How fungus could help us win the war on bed bugs

Cities across North America and Europe are in the midst of a bed bug epidemic, a plague of bloodsucking parasites that are infesting bedrooms and hotel rooms across the nations. And they are so gross, leaving unwary victims with irritated skin and a profound case of the willies. It's gotten so bad that the U.S. alone spends $250 million each year to fight the bugs, and with little progress. Part of the problem is the understandable reluctance to use chemical pesticides in our sleeping quarters — a dilemma that could be solved by using a natural alternative: fungus.

According to a new study published in the Journal of Invertebrate Pathology, a natural fungus called Beauveria bassiana is being seriously considered in the war on bed bugs. B. bassiana causes disease in insects, including bed bugs. And it's relatively easy to produce in the lab, making them a viable alternative to chemical pesticides.

How fungus could help us win the war on bed bugsS

During the study, which was conducted by entomologist Nina Jenkins, an airbrush sprayer was used to apply the fungal spores to paper and cotton jersey (what are common bed sheet materials). A control surface was also used in which a basic oil was applied.

After drying, three groups of 10 bed bugs were then exposed to one of the two surfaces for an hour. Following the exposure, the bugs were placed on clean filter paper in a petri dish along with unexposed bed bugs. Over the course of the next five days, all bed bugs exposed to the fungal spores had died. And encouragingly, the researchers noted no prominent differences in susceptibility by feeding status, sex, strain, or life stages.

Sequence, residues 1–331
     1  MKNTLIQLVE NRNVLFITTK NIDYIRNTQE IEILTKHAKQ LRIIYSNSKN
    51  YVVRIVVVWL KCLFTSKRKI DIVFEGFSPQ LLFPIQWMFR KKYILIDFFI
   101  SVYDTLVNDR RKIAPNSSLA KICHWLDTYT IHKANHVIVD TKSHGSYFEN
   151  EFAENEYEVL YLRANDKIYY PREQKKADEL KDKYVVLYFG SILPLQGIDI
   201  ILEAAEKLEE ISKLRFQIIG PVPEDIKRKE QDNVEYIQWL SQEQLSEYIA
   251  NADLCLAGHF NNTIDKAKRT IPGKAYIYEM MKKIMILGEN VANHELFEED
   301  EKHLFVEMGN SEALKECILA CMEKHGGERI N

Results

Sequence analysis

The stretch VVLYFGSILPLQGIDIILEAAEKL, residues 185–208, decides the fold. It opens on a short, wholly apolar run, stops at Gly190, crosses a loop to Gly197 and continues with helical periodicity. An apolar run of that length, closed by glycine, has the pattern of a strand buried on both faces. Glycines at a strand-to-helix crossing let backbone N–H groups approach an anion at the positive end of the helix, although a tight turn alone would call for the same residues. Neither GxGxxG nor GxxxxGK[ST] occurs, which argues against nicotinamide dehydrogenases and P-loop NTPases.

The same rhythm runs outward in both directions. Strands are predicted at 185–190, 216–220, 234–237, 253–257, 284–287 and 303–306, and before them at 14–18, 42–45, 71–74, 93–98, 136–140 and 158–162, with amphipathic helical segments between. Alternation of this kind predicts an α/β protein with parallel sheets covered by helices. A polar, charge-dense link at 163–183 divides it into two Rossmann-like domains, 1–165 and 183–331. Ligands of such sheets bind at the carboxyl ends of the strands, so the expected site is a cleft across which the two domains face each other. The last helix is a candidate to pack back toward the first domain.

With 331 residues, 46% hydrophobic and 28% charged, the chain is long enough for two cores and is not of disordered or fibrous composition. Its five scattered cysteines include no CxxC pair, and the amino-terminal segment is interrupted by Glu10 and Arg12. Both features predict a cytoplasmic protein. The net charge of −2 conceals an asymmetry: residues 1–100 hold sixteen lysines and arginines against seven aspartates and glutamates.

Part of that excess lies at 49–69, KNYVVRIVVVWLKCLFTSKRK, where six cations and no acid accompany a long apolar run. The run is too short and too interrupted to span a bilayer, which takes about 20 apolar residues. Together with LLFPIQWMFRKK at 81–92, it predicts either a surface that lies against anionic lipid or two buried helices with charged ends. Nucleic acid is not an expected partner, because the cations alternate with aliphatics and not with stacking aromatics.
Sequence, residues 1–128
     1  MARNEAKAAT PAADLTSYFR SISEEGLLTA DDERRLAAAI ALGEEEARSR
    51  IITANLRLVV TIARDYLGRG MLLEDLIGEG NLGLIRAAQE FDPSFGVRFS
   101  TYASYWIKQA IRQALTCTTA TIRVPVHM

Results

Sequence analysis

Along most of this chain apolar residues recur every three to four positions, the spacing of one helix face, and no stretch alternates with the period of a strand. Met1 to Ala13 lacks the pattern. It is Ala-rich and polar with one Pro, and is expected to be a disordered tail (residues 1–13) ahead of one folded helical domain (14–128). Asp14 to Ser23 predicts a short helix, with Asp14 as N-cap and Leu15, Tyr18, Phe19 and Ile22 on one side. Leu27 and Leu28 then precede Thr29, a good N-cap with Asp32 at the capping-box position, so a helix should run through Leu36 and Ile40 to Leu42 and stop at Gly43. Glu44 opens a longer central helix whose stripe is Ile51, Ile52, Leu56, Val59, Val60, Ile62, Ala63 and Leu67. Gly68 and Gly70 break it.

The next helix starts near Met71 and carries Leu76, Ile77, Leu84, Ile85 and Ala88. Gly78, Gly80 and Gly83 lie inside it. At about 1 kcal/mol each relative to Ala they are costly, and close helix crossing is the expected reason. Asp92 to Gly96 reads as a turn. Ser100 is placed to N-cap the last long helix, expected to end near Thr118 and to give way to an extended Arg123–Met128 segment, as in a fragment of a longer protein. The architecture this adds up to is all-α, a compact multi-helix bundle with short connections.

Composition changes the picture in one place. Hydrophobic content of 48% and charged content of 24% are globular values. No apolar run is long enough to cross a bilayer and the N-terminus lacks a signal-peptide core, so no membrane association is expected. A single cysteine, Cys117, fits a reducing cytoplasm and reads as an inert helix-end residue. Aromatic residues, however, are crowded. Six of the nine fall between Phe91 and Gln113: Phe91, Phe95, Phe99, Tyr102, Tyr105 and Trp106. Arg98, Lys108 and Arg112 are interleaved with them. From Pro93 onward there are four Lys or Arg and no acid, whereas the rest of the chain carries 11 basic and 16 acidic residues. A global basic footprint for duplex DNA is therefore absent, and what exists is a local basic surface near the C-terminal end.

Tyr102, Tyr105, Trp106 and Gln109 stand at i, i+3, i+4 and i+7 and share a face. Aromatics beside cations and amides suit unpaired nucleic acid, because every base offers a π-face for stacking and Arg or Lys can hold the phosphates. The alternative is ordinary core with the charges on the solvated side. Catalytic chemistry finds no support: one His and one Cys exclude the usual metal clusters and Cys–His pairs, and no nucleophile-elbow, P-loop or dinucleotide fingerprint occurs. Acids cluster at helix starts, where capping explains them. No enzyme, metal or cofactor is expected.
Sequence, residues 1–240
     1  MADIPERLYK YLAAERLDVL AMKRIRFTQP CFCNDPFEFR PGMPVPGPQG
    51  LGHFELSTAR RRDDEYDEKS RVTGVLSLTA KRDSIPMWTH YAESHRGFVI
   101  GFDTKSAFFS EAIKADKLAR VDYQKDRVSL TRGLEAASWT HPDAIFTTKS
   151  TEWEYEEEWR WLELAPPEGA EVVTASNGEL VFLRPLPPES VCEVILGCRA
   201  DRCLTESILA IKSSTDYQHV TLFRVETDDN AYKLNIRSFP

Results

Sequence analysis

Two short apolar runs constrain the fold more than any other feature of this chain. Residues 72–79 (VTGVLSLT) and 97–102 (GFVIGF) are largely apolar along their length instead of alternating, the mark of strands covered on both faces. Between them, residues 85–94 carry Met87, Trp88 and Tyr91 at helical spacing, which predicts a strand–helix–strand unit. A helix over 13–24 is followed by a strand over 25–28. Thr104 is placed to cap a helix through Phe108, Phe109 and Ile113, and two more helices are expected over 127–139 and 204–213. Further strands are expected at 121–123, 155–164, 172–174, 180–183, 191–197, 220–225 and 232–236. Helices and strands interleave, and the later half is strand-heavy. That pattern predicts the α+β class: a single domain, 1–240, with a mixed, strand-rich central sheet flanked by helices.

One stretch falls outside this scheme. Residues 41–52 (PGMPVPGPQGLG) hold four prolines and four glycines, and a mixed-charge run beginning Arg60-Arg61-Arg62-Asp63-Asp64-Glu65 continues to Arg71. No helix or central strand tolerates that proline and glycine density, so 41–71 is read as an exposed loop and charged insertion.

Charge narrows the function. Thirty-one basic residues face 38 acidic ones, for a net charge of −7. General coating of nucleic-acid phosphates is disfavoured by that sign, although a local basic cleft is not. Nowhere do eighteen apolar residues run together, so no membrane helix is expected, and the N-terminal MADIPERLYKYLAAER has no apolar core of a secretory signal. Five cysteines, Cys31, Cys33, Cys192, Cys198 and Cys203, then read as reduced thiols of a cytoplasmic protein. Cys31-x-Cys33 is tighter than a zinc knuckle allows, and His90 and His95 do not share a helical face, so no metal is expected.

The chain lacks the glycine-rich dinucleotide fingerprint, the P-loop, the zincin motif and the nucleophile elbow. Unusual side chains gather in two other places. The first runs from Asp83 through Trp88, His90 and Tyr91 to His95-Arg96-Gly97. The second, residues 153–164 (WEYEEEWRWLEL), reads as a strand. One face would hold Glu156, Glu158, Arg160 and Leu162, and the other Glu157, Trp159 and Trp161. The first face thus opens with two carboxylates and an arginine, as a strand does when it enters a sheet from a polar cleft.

Moreover, the diseased bed bugs infected their unexposed comrades. And in fact, they observed 100% infection. What this implies is that direct exposure to the fungus is not required — what will certainly help exterminators given the bed bugs' penchant for occupying hard-to-reach places. As the researchers noted, bed bugs can hide behind light switches, power sockets, and in between the cracks of the baseboard beneath carpets.

For the next phase of the project, Jenkins and her colleagues will test exposure times and apply the fungal spray to bed bugs in their natural hiding areas. It's not known, for example, the rate at which the bugs can develop an immunity — if at all.

All this said, while Beauveria bassiana is reported to be non-toxic to humans and other vertebrates, its potential allergenicity has not been widely studied. Early indications, however, suggest that it's safe.

The study will appear online at the Journal of Invertebrate Pathologylater this week.

Top image: Shutterstock/Margaret M Stewart. Inset image: Nina Jenkins, Penn State.